The House of Bernarda Alba


  1. ^ Maurer, Christopher. (1992). Introduction. Three Plays. By Federico García Lorca. Trans. Michael Dewell and Carmen Zapata. London: Penguin. p. ix ISBN 0-14-018383-3.
  2. ^ Styan, J. L. (1981). Modern Drama in Theory and Practice: Volume 2, Symbolism, Surrealism and the Absurd. Cambridge University Press. p. 90. ISBN 052123-0683. 
  3. ^ Londré, Felicia Hardison (1984). Federico García Lorca. Frederick Ungar Publishing Company. p. 33. ISBN 080442540X. 
  4. ^ Smith, Paul Julian (1996). Vision Machines: Cinema, Literature, and Sexuality in Spain and Cuba, 1983–1993. Verso. p. 20. ISBN 1-85984-079-5. 
  5. ^ Hood, John W. (2000). The Essential Mystery: The Major Filmmakers of Indian Art Cinema. Orient Longman. p. 459. ISBN 81-250-1870-0.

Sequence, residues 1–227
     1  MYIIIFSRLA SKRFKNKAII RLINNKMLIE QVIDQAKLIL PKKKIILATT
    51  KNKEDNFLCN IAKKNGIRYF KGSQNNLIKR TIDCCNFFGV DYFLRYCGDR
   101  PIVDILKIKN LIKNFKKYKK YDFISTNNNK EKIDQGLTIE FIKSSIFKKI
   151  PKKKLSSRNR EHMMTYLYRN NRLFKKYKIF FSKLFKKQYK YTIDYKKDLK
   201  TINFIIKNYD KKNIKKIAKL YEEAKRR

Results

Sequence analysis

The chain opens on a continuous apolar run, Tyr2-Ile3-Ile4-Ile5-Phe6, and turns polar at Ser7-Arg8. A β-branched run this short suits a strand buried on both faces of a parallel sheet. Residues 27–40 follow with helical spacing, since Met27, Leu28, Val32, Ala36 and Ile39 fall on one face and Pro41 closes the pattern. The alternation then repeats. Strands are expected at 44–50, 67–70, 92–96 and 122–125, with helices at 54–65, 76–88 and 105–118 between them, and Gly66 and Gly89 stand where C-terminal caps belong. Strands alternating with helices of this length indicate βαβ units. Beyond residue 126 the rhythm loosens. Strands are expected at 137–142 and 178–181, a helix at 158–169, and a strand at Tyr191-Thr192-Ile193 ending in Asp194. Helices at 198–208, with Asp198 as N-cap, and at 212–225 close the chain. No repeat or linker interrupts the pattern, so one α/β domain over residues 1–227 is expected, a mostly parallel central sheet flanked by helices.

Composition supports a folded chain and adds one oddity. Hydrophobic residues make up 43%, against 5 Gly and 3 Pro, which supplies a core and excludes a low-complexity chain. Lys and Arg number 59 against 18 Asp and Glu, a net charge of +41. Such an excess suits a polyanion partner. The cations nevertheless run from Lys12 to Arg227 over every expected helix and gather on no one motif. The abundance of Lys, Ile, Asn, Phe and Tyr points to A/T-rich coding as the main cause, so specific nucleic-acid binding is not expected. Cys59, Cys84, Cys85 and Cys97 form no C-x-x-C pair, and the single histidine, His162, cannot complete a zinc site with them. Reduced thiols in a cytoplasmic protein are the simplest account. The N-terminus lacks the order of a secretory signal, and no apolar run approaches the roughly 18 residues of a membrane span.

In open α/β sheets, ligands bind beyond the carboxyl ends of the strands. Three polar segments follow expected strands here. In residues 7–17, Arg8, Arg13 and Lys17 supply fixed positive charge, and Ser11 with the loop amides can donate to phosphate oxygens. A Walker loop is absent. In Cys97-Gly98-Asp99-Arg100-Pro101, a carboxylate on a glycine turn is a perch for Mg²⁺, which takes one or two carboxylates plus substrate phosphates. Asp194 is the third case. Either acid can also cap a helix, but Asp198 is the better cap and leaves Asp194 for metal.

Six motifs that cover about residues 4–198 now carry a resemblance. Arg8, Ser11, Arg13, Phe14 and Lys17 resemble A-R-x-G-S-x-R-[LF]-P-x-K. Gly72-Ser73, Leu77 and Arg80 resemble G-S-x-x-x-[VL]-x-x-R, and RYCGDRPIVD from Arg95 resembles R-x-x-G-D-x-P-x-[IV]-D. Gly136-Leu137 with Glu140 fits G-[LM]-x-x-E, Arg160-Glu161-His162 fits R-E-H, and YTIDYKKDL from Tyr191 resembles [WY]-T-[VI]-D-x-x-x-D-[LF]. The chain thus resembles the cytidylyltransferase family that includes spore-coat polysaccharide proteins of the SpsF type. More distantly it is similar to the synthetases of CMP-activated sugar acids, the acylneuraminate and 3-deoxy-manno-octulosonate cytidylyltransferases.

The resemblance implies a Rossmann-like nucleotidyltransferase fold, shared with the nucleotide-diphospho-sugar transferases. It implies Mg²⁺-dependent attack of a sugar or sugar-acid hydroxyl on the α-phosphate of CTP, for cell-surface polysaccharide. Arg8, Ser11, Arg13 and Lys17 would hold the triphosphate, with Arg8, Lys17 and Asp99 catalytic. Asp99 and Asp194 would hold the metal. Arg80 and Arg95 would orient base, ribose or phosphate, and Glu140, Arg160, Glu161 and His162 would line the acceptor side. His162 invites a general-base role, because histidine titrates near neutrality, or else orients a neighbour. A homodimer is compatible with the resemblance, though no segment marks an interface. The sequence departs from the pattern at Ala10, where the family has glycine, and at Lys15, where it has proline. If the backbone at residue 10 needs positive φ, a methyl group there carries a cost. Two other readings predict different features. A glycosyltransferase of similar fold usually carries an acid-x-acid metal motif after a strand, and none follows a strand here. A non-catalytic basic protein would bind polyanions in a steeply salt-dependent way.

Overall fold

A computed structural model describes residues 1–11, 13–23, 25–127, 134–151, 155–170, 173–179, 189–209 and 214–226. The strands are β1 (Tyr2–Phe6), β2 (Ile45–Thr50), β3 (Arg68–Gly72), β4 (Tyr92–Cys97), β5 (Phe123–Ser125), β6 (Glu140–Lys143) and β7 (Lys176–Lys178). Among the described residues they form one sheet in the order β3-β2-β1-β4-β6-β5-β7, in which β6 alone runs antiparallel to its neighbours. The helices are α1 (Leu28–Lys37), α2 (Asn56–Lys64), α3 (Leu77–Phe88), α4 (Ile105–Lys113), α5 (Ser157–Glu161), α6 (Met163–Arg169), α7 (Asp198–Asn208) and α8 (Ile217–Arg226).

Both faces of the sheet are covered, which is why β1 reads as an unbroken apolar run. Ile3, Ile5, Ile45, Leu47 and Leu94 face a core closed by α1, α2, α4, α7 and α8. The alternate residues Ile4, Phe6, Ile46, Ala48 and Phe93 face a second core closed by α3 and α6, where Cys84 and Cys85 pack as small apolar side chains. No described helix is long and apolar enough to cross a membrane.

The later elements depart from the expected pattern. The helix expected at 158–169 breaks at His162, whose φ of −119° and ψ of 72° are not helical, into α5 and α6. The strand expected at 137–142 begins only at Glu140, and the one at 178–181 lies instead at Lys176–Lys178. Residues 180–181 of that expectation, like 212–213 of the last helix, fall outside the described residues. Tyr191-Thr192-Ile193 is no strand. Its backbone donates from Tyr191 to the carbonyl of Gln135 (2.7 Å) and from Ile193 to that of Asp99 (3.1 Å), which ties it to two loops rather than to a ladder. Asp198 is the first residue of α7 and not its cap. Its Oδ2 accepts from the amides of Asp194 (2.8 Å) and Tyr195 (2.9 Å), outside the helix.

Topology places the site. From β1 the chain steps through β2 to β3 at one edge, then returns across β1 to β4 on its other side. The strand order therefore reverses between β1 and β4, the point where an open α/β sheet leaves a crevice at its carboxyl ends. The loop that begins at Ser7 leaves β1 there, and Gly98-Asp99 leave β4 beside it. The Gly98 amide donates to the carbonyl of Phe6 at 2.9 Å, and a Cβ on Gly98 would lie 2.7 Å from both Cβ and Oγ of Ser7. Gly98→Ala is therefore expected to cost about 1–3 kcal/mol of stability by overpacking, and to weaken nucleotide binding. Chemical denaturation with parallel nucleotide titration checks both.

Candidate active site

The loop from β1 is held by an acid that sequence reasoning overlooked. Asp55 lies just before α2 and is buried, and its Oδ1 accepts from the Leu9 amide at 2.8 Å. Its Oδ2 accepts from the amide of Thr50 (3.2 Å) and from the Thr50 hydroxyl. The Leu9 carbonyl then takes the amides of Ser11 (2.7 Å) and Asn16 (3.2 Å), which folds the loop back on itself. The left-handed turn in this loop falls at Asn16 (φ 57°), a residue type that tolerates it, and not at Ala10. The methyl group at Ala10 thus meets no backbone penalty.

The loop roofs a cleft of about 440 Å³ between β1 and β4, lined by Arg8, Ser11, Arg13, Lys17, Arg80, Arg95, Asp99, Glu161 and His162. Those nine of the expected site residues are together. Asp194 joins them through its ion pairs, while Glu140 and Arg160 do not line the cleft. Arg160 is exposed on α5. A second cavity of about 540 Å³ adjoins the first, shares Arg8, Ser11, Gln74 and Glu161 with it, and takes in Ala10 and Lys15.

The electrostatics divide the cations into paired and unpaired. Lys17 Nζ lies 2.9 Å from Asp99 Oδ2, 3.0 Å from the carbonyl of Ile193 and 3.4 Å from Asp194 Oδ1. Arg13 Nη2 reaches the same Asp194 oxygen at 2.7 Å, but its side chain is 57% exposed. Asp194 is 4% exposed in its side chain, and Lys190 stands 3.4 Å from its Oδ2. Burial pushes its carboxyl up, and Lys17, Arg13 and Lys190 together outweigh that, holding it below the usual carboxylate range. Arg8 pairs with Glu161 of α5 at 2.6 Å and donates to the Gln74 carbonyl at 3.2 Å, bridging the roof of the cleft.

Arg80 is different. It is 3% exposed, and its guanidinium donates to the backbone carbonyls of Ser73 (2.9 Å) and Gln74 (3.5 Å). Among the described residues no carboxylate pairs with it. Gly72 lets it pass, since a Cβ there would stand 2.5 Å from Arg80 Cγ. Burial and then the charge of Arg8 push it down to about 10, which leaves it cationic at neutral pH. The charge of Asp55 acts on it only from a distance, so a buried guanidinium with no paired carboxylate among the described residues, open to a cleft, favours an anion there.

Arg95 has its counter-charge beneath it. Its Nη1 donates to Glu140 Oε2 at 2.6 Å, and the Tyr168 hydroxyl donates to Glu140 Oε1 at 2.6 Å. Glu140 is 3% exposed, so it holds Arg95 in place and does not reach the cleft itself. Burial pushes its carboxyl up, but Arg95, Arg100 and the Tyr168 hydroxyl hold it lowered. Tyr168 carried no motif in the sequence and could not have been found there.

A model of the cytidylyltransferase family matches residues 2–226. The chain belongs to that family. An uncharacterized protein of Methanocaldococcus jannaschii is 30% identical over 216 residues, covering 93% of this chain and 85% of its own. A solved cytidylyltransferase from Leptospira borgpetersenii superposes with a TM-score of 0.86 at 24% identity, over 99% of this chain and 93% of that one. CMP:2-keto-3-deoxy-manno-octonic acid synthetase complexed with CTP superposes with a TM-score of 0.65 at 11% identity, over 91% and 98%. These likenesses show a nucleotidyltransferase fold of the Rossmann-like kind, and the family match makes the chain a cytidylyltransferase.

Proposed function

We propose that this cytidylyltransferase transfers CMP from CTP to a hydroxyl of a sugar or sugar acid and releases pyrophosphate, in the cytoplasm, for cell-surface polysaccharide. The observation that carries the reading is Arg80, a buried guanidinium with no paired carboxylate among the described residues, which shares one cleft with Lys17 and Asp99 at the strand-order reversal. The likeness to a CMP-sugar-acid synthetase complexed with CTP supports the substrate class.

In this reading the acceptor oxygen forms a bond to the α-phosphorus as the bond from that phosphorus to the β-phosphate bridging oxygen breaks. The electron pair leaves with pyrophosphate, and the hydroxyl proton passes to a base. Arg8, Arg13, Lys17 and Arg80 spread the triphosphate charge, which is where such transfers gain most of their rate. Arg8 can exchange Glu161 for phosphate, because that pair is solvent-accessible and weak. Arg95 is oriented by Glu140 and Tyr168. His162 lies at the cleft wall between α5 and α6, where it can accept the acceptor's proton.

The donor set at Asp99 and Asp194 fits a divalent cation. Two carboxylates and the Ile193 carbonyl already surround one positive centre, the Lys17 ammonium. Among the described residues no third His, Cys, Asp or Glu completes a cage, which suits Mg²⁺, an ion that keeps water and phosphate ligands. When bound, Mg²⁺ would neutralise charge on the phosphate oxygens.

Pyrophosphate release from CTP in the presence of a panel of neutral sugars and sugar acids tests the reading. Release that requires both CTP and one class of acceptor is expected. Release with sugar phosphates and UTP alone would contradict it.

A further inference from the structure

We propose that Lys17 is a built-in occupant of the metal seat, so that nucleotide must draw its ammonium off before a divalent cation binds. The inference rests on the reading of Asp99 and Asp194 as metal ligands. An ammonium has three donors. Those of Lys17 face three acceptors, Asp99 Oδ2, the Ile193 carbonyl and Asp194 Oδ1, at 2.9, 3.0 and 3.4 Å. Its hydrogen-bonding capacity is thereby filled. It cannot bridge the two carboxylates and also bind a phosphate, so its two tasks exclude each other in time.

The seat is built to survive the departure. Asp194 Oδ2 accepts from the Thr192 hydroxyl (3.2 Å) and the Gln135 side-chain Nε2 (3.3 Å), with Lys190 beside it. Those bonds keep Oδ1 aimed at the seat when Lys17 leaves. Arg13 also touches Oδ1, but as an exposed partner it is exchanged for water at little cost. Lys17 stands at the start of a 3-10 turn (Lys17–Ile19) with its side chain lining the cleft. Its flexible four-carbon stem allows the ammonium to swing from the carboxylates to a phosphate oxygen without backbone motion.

6. ^ Kisselgoff, Anna (16 February 1981). "Dance: Pomare's "Las Desenamoradas"". The New York Times. Retrieved 2011-01-16. 
  7. ^ Brantley, Ben (2006-03-07). "Sex and a Monster Mother Seething in Sunny Spain". New York Times. Retrieved 2008-10-28. 
  8. ^ "The House of Bernarda Alba". Almeida Theatre. 
  9. ^ Madhira, Harini (30 August 2012). "Curtain Call: Women steal the show". The New Indian Express. Retrieved 2014-07-23. 
  10. ^ Borah, Prabalika (26 August 2012). "Women on top". The Hindu. Retrieved 2014-07-23. 

This content is from Wikipedia. GradeSaver is providing this content as a courtesy until we can offer a professionally written study guide by one of our staff editors. We do not consider this content professional or citable. Please use your discretion when relying on it.